Small business owners who wish to offer their employees the perks of a retirement plan have to make the decision on what type of plan to choose. This is a decision that must be made even if the retirement plan is simply for their own retirement and not for employees. Choosing a 401k plan or an IRA plan is a decision that must be made carefully so that all laws are followed that are in place by the IRA and so that the best financial decision is made that maximizes the funds. There are many factors that have to be considered when setting up a retirement plan. The following is an overview of what should be understood in order to make the best decision.
Small business retirement plans are one of the best ways to save for retirement and at the same time defer tax-deductible money. The EGTRRA or Economic Growth and Tax Relief Reconciliation Act of 2001 provides many incentives for small businesses to save money for their golden years of retirement. This act literally allows small businesses to choose between saving the profits they make for later use in life and sending them to the IRS in the form of taxes, not a difficult choice to make.
Small business owners typically make their decision on a retirement plan based on how the plan will benefit them. Employees will benefit from having a retirement plan but the bottom line is that the selection of which plan to choose will ultimately be based on how the owner of the company will benefit. The good news for employees and business owners is that the new tools put in place by the IRS and the government has made it possible for both employees and owners to win.
Understanding the different types of plans is the next step in the process of choosing one that will work for the business and the employees. There are several types of plans to choose from that will be explained below.
SEP (Simplified Employee Pension)
The Simplified Employee Pension plan or SEP is, as the name implies, the simplest retirement plan for a small business and self-employed people to set up. It is also the easiest of all the retirement options to maintain. An SEP can be set up by self-employed individuals who have no employees but pay taxes on earned money. The SEP is considered an Individual Retirement Account and if a small business chooses the SEP then it is a group of IRAs.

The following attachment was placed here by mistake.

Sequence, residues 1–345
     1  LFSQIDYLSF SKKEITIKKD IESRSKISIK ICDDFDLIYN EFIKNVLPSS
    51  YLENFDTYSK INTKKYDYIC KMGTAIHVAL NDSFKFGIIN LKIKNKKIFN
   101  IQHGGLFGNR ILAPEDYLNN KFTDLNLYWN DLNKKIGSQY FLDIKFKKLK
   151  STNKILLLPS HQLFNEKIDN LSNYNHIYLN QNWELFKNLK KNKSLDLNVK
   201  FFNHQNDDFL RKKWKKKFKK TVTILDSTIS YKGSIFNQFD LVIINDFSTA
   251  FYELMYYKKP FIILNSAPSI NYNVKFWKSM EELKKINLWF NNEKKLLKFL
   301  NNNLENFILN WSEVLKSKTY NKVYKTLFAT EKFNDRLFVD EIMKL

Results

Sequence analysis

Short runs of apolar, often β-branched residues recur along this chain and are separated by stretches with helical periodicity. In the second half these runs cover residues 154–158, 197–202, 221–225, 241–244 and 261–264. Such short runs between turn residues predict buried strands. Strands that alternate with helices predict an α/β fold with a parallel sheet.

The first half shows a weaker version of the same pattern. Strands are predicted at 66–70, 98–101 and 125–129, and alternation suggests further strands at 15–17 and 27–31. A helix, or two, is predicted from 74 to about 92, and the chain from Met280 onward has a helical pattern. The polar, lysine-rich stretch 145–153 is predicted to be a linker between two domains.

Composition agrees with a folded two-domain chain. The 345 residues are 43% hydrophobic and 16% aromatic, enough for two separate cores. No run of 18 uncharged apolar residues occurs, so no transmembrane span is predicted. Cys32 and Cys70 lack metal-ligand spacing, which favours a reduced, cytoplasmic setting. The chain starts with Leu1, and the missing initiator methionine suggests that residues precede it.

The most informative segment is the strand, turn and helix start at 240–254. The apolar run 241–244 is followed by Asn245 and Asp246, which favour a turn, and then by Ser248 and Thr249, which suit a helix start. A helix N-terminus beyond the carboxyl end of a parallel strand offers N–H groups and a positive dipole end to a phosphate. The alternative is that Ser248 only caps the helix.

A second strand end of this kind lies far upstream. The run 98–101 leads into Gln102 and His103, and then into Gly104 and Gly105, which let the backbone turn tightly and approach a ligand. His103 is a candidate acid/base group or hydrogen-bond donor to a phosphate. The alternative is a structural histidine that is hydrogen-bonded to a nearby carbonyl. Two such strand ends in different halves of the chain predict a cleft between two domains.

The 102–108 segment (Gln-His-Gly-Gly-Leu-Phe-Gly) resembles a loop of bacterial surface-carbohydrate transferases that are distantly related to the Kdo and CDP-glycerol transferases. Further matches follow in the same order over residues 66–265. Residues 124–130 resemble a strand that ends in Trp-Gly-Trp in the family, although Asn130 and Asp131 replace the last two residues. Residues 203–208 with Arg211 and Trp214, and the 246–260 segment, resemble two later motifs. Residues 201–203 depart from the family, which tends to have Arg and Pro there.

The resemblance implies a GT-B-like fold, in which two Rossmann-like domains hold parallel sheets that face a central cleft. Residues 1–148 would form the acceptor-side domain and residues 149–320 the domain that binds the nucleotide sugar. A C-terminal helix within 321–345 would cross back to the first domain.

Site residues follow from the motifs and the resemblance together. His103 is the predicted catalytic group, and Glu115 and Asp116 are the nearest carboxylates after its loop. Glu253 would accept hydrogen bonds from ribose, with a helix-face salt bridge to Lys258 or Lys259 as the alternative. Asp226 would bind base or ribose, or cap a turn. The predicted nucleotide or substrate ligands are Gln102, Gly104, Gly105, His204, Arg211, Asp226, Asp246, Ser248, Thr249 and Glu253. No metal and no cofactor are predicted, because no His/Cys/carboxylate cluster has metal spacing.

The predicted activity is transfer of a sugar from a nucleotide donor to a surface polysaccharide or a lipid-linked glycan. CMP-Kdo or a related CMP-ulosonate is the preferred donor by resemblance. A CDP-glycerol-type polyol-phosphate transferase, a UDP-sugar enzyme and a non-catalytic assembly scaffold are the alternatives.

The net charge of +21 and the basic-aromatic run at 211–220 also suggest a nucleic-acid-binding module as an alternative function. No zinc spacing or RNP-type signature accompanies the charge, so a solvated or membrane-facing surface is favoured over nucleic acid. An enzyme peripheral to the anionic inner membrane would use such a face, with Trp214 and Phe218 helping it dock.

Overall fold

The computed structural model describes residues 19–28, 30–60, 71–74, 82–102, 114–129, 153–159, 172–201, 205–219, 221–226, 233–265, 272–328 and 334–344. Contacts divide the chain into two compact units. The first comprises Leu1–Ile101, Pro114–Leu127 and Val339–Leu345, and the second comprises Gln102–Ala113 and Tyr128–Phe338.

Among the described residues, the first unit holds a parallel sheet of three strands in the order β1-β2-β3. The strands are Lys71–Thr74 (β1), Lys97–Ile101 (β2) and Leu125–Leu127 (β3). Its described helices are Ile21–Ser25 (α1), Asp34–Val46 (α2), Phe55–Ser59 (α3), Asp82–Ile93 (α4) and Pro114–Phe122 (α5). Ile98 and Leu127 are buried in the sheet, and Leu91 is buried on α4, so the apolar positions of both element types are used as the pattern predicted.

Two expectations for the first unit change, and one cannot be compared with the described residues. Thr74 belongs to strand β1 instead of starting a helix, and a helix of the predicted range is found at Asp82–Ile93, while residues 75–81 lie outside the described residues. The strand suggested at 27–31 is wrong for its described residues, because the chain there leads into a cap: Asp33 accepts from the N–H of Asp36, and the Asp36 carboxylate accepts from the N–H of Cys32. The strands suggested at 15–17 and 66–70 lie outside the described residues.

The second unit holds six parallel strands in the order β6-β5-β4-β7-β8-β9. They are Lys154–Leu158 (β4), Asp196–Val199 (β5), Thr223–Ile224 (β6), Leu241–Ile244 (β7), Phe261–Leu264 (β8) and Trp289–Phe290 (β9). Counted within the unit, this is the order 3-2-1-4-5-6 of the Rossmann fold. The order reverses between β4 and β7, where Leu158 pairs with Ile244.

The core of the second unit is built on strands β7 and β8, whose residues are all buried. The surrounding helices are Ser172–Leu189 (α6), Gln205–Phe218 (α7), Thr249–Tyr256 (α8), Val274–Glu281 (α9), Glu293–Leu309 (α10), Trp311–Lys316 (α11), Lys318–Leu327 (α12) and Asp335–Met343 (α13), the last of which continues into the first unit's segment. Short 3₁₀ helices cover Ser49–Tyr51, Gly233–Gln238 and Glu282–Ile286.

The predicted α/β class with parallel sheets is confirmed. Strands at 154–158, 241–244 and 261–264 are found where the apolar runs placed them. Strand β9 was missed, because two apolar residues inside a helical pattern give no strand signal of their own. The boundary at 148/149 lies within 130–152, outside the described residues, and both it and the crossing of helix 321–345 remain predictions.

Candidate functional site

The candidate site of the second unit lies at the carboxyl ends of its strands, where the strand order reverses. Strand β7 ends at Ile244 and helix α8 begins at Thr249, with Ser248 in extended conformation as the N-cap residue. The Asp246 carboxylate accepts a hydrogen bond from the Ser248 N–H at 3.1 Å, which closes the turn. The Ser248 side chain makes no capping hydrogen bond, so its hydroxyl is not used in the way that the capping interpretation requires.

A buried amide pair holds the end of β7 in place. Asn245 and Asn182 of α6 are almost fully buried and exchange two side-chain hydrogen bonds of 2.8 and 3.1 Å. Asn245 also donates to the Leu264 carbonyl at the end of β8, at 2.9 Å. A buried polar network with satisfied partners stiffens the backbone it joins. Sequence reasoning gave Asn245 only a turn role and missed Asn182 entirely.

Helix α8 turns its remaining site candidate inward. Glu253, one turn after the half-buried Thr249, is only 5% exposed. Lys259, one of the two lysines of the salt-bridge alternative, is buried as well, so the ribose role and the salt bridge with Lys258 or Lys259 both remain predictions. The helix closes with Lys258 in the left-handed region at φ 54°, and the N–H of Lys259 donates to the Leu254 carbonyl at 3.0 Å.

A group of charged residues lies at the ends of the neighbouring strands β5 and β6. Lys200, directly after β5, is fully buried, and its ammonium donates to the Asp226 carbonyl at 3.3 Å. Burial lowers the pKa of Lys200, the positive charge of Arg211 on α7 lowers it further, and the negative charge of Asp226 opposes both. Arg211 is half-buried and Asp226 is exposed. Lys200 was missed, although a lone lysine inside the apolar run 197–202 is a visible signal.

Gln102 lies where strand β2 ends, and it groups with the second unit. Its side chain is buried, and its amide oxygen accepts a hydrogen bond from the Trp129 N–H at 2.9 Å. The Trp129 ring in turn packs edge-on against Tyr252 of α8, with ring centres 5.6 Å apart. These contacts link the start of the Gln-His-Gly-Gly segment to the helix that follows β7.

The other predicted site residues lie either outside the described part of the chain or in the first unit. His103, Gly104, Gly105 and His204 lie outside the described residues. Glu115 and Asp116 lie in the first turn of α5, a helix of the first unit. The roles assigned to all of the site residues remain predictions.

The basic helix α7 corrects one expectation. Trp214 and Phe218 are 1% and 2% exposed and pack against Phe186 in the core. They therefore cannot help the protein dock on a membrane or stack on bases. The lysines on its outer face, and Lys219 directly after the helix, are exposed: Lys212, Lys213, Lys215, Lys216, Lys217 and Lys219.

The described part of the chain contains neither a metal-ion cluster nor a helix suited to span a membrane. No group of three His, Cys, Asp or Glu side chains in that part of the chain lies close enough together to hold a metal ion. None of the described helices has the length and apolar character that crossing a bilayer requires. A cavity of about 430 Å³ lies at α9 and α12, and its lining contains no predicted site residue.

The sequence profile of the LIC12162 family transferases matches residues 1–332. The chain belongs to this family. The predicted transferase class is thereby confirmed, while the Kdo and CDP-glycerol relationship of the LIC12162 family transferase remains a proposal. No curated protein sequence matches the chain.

The SEP is a good choice for the small business because all of the contributions to the SEP are considered tax deductible. Additionally, the earnings of the plan are tax free until they are withdrawn from the account. If withdrawal occurs before retirement age, or 59, there is a penalty assessed on the money of 10%.
The SEP has both good and bad points that must be considered. One of the negative aspects of the SEP, for many people, is that these accounts do not allow loans to be taken from the account. These accounts also do not allow salary deferred contributions. There is also a limit on the amount of money that can be contributed in one year which may change annually and should be determined before the start of the plan.
The Individual 401k
The individual 401k is another by-product of the 2001 EGTRRA tax measure. This is an ideal option for the small business owner who has no employees or whose spouse is the only other employee. This type of retirement plan has higher contribution limits that are determined by the revenues that the business generates. For example, the contribution is typically maxed out at 25% of the payroll.
The Individual 401k is more flexible than the SEP and allows for loans to be taken for emergency situations and even has a contribution makeup plan that allows funds to be continued to catch up to the yearly limit if they are over the age of 50 and need to get their funds caught up.
There are many other options that can be explored when searching for a retirement plan for a small business. However, the best advice that any small business owner can adhere to is to seek the help of a professional accountant or tax consultant. This will ensure that every possible option is explored and that all financial strategies are considered. Professionals who deal in tax codes and laws will be better equipped to point out the advantages and disadvantages of every option.
Small business owners have an important choice to make when putting together a retirement plan, regardless of whether the plan is for their own retirement or for a small group of employees. This decision should be made only after education and due diligence of the many options available.